Medical marijuana works, so why aren’t more patients using it?

Sponsored feature: presented by Plants Not Pills

“Canada’s current system of marijuana prohibition does not work,” reads the federal Liberal party’s website. That fact is all too clear to anyone waiting for the landscape to change while enduring conditions like chronic pain, post-traumatic stress disorder or serious sleep issues.

The mounting evidence about the effectiveness of medical cannabis is hard to ignore. Last year, McGill University published a study on its long-term side effects on patients with chronic pain, finding there was no increase of “serious adverse events.” A 2014 study in New Mexico found that medical cannabis accounted for a 75 per cent reduction in symptoms associated with post-traumatic stress disorder.

And when it comes to sleep disorders, Dr. Atul Khullar, a senior consultant at MedSleep clinics, has found that medical cannabis works very well for certain patients. “A lot of problems we were seeing with psychiatric issues combined with sleep issues weren’t responding to traditional therapies, or the therapies weren’t tolerated,” says Dr. Khullar. “So we began cautiously using medical cannabis for some very resistant cases and found some good success.”

Medical versus recreational

The available research and positive patient experiences should hasten a change in federal legislation, but this hasn’t happened yet. Dr. Khullar believes one of the big issues could be the blurring of the various uses of cannabis.

“I think it’s two streams,” he says. “Are you using this recreationally or are you using this medically? They’re completely different, even if it’s the same product. This is the uniqueness of medical cannabis.” It’s also a unique problem for doctors who want to steer clear of the recreational market while also providing the best health care to patients.

The lack of clarity between recreational and medical is also problematic for those who self-medicate. While Forum Research learned that one in five Canadians smoked cannabis in the year leading up to its 2015 poll, even the most experienced cannabis user may still select strains that aren’t suitable for a given medical condition. And the lack of rigorous product identification and tracking in the recreational market can also mean a confusion of tetrahydrocannabinol (THC) or cannabidiol (CBD) levels – two very different cannabinoids that affect a patient’s experience.  

In Dr. Khullar’s view, cannabis is “not just one drug – it’s a series of drugs. The type and the way it’s taken can vary the effect as well.” Ideally, a medical professional with experience in prescribing medical marijuana would assist in the product selection, recommended dosage and method of ingestion. 

Woman smoking cannabis.jpg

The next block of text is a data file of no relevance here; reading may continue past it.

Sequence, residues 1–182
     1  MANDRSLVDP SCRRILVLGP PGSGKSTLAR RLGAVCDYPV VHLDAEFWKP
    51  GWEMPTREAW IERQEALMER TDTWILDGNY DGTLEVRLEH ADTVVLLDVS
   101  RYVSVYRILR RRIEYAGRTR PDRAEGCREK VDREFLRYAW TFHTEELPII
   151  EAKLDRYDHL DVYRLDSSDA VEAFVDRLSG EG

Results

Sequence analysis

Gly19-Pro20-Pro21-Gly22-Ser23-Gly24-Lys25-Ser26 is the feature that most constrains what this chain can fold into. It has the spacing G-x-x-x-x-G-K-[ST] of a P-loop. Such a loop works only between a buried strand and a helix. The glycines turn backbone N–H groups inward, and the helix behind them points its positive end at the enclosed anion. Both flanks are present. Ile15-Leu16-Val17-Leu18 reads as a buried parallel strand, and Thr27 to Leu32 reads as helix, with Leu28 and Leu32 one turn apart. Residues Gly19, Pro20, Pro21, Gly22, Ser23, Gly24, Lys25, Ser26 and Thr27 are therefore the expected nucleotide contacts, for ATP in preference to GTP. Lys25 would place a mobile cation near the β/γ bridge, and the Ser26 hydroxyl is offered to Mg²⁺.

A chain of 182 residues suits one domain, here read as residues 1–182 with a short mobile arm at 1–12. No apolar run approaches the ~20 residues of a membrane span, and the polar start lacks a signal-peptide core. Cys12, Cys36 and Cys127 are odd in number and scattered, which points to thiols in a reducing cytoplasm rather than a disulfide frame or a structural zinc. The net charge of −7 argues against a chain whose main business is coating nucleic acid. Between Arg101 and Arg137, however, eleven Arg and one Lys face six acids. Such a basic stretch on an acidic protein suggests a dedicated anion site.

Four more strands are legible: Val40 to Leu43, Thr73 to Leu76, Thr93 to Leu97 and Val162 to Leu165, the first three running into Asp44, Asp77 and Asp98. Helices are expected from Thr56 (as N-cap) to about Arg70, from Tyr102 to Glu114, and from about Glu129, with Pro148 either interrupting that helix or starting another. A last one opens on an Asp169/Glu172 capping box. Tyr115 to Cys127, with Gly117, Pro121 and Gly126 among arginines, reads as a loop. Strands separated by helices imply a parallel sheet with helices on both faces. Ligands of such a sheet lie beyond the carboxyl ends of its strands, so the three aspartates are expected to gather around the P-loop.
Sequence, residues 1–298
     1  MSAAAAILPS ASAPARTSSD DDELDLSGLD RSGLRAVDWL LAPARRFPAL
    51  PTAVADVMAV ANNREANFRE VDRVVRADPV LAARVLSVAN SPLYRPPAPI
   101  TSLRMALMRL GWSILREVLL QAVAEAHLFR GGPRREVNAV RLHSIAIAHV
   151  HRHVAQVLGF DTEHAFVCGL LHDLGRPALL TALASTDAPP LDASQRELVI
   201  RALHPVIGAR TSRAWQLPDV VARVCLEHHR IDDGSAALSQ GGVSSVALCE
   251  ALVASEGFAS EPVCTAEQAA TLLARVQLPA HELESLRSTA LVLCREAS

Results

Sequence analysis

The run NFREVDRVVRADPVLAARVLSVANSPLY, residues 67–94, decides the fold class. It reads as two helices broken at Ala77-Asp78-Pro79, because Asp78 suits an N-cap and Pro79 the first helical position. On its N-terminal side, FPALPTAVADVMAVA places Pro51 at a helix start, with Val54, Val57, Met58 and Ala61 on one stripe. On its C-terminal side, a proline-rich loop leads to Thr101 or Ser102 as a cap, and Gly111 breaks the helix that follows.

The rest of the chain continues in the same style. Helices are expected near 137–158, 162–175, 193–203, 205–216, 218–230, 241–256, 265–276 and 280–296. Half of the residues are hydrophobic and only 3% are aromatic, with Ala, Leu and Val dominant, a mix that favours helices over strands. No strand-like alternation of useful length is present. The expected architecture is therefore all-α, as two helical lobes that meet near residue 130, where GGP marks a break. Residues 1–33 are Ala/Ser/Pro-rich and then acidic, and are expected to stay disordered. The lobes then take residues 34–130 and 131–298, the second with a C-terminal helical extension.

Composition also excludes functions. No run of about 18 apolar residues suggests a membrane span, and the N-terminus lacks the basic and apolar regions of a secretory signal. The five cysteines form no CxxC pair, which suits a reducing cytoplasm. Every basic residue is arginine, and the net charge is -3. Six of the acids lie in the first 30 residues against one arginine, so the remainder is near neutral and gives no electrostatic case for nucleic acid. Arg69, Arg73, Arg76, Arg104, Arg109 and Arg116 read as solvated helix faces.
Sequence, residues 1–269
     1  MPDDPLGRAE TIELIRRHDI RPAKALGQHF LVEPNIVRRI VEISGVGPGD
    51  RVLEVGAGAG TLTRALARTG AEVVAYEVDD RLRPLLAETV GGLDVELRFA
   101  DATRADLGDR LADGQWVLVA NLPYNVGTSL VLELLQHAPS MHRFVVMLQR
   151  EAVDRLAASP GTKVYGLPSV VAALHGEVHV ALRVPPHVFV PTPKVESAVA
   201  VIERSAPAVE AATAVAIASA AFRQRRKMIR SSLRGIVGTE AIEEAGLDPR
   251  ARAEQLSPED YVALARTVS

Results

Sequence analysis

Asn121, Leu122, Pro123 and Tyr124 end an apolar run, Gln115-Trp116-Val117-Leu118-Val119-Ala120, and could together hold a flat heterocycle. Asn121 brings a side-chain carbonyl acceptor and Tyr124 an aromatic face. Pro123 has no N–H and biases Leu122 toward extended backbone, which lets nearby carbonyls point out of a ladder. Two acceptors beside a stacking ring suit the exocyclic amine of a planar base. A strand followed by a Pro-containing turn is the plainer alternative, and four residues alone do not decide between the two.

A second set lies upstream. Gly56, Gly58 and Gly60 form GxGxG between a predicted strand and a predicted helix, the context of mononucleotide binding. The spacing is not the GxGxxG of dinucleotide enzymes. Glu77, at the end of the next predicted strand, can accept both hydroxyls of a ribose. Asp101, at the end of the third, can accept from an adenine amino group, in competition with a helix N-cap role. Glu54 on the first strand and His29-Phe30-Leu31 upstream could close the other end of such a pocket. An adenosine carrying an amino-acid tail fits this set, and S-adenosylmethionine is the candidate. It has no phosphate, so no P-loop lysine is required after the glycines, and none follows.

Wikimedia Commons: ashton

Rethinking traditional medication

According to Health Canada data, there were 53,649 registered clients for licensed medical marijuana producers during the period from January 1 to March 31, 2016. More than double the figure of those registered between April 1 and June 30, 2015 (23,930), patients are gradually finding ways to access effective treatment despite the legislative waiting game.

Patient-first platforms like Plants Not Pills are helping to bridge the gap by connecting those in need with experienced physicians who thoroughly assess an individual’s suitability for medical marijuana. These efforts are broadening the options for those who are wary of powerful prescription medications that might not be effective, or – in the case of some painkiller opioids – potentially dangerous.

So why isn’t there a greater movement towards medical cannabis? Dr. Khullar believes training is part of the problem. Cannabis affects “a whole different system called the endocannabinoid system,” he explains. “There’s not a lot of overlap [with other medications].” For physicians used to prescribing sleeping pills, pain medication or antidepressants, this is a vast new area of knowledge that hasn’t yet been integrated into medical cannabis.

Conditions like chronic pain and PTSD may not respond to what’s currently available in the pharmaceutical industry. And while each medical treatment comes with its own risk-benefit ratio, Dr. Khullar says a number of his patients have been able to “get their life back” with medical marijuana.

“The chronic pain [treatment] was very successful. You get people off a lot of their very toxic medication and sedating medications. They’re much more functional.” And with PTSD, “these are people who just aren’t functioning,” he says. Medical cannabis “gives back some quality of life – less flashbacks, they’re sleeping better, they’re more rested.”

Progressive cannabis legislation will definitely be a game-changer for Canada, but it’s only one part of an evolving conversation between patients, doctors and governments. “I would tell people not to shut their minds to it, but be very aware of all the particulars,” says Dr. Khullar.

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